Toxin is used in the lips not to fill them or make them plumper, but to correct a ‘gummy smile’. It means injecting a few tiny drops in the lip line stop your top flip from ‘rolling in’ and disappearing when you smile. Your lip will look slightly fuller without being puffed up. Even people without gummy smiles have embraced this ‘lip flip’ as an alternative to fillers. I certainly have, as I think it’s the subtlest ways to optically off-set the lip thinning that comes with age. It just takes a few sharp jabs in the top lip edge – not the best fun but nothing unbearable either.

Can anyone have a Botox eye lift?

A 'Botox eye lift' paralyses the muscles around the eyes that push downwards - such as those in the upper forehead and between your brows. This ought to make the upward-moving ‘frontalis’ muscles above your eyebrows ‘overactive’ and go up, lifting the brow and even the lids. For many people this works well, but some people get more of an ‘eye droop’ instead. This can happen if the frontalis muscles naturally sit low on your forehead (you’ll need a doctor to diagnose this) and/or aren’t particularly strong. If this is you, toxin can make your brow, and as a result your lids, move down instead of up.

This has happened to me on several occasions, leaving me with tiny piggy eyes with no visible lids for three months as I waited for the toxin -which cannot be reversed- to wear off.  An honest doctor who has plenty of experience assessing facial anatomy will tell you if toxin will or will not lift your eyebrows and lids, and if not, suggest what’ll work for you instead.

What is a Botox ‘face lift’? And a ‘Nefertiti lift?

‘Botox face lift’ was long used to describe the upper face lift-effect that some people get from an eye lift using toxin injections. But more recently, experienced doctors have been using more sophisticated techniques, focusing on injecting toxin into in the jaw and neck to lift the lower face.

“The toxin relaxes the jaw and neck muscles, and as a result, an upward pull of all the facial muscles takes place. This then tightens jowls and tautens the jawline,” says cosmetic physician Dr Sarah Tonks. “It really does work; it’s often referred to as a ‘Nefertiti lift’ because the death mask of this Egyptian queen displays such a perfectly taut jawline”.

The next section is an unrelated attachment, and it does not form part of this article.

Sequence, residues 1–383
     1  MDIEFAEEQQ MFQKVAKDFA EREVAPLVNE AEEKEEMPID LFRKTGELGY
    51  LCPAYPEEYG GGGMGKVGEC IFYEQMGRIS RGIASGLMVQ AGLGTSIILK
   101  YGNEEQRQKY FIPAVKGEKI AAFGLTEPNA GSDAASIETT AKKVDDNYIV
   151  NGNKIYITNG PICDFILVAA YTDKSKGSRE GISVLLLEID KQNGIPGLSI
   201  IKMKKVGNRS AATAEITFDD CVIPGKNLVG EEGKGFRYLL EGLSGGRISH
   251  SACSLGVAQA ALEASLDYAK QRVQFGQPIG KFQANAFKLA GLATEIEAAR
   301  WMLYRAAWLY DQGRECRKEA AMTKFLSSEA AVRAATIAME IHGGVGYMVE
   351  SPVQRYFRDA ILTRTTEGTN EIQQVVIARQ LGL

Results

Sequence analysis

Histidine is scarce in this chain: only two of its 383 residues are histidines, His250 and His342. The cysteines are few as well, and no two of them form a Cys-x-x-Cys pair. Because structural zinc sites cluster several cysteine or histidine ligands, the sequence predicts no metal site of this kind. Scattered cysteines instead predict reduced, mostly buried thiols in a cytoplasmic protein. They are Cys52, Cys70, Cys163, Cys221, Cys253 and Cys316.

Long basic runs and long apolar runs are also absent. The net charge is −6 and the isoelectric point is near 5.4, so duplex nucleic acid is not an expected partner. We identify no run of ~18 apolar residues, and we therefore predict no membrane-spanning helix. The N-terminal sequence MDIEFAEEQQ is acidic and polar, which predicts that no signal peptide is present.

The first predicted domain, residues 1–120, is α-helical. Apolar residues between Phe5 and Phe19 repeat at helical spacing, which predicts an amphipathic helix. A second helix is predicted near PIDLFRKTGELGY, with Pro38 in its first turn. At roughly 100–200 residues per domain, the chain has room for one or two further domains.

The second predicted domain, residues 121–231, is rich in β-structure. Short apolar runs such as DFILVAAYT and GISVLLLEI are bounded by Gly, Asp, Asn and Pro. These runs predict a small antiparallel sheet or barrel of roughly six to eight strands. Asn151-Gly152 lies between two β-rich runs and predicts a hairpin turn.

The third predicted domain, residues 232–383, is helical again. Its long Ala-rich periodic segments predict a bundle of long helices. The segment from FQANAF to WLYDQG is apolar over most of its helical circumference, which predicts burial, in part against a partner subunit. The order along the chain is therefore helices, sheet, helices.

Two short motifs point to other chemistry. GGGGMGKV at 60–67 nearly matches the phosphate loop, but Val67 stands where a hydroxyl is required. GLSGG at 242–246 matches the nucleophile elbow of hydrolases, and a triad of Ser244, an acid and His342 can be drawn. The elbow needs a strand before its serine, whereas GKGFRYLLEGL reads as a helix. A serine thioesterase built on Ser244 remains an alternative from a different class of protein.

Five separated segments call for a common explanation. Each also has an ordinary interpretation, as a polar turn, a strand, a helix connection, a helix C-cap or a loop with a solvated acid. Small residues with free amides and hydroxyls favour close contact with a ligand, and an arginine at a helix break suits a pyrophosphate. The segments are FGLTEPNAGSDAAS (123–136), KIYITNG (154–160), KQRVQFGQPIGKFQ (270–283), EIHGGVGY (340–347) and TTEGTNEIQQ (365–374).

But there is more, says oculoplastic surgeon Dr Jonathan Roos. “Lower-face toxin relaxes the face as far up as the eye area,” he says. “It helps open it up.”

He’s also had great results on some younger people (it gets harder when skin slackens with age) who naturally carry weight in their lower face. “When strong muscle activity consistently pulls down the tissues here (because the person subconsciously pulls their chin in and their mouth corners downward), you can develop a double chin,” says Roos. “Judiciously applied jaw toxin can make this practically disappear while giving a lift to the entire face.”

I’ve seen Roos’s pictures of a young woman’s double chin (which resulted from a consistently grumpy, withdrawn expression) disappearing entirely through toxin injections that prevented her making this expression.

Like any toxin procedure, this is not a ‘paint-by-numbers’ jobbie (although many lesser practitioners will try). Personal anatomy is key to a good result, and you should always ensure your doctor is honest about what is and isn’t possible for your individual face.

Can Botox cause eye bags?

If you are having toxin for crow’s feet and it’s injected too low, near the lymph vessels and nodes in the area, this can cause problems. These lymph vessels are responsible for draining fluids and toxins, and they rely on movement and muscle contractions. Badly placed toxin slows the lymph, which can result in puffy eye bags that look saggy. It should fix itself in a month or two after the toxin stops working – although I’ve seen the issue happen to a friend and her eyes never properly recovered. So be very careful.

Does jaw Botox for teeth grinding work?

Subconscious teeth grinding (or bruxism) tends to be stress-related and builds up the jaw muscle, much like daily exercise. The result can be a wider, squarer jawline that some consider ‘too masculine’. It can also cause headaches and a tender-feeling jaw. A few shots of Botox in the jaw’s masseter muscles will relax them to bring quick relief and, after a few weeks, a visibly more V-shaped and therefore ‘feminine’ jaw.

My former colleague Cassie even noticed that not being able to stress-grind her teeth helped her snap out of her anxiety cycle. Anxiety had caused grinding which, in return, triggered more anxiety, and masseter Botox helped fix it.

Jaw or masseter Botox has also become popular for those who simply don’t like the square jaw they were born with, as injecting the masseters with toxin will reduce their size even if they’re not ‘over-worked’ through teeth grinding (or even excessively chewing gum). With the results of the procedure often described as a ‘slimming’ effect, some people wrongly believe it will reduce chubby cheeks – it doesn’t.

Can you exercise after Botox?

You want toxin to stay precisely where it’s been injected and not migrate (in other words, allow it to settle), the advice is not to do any strenuous (driving your heart rate to over 130) exercise such as hot yoga or running for 24 hours after your treatment. Skip moderate exercise as well for at least four hours after – so don’t hit the gym straight after seeing your Botox doctor.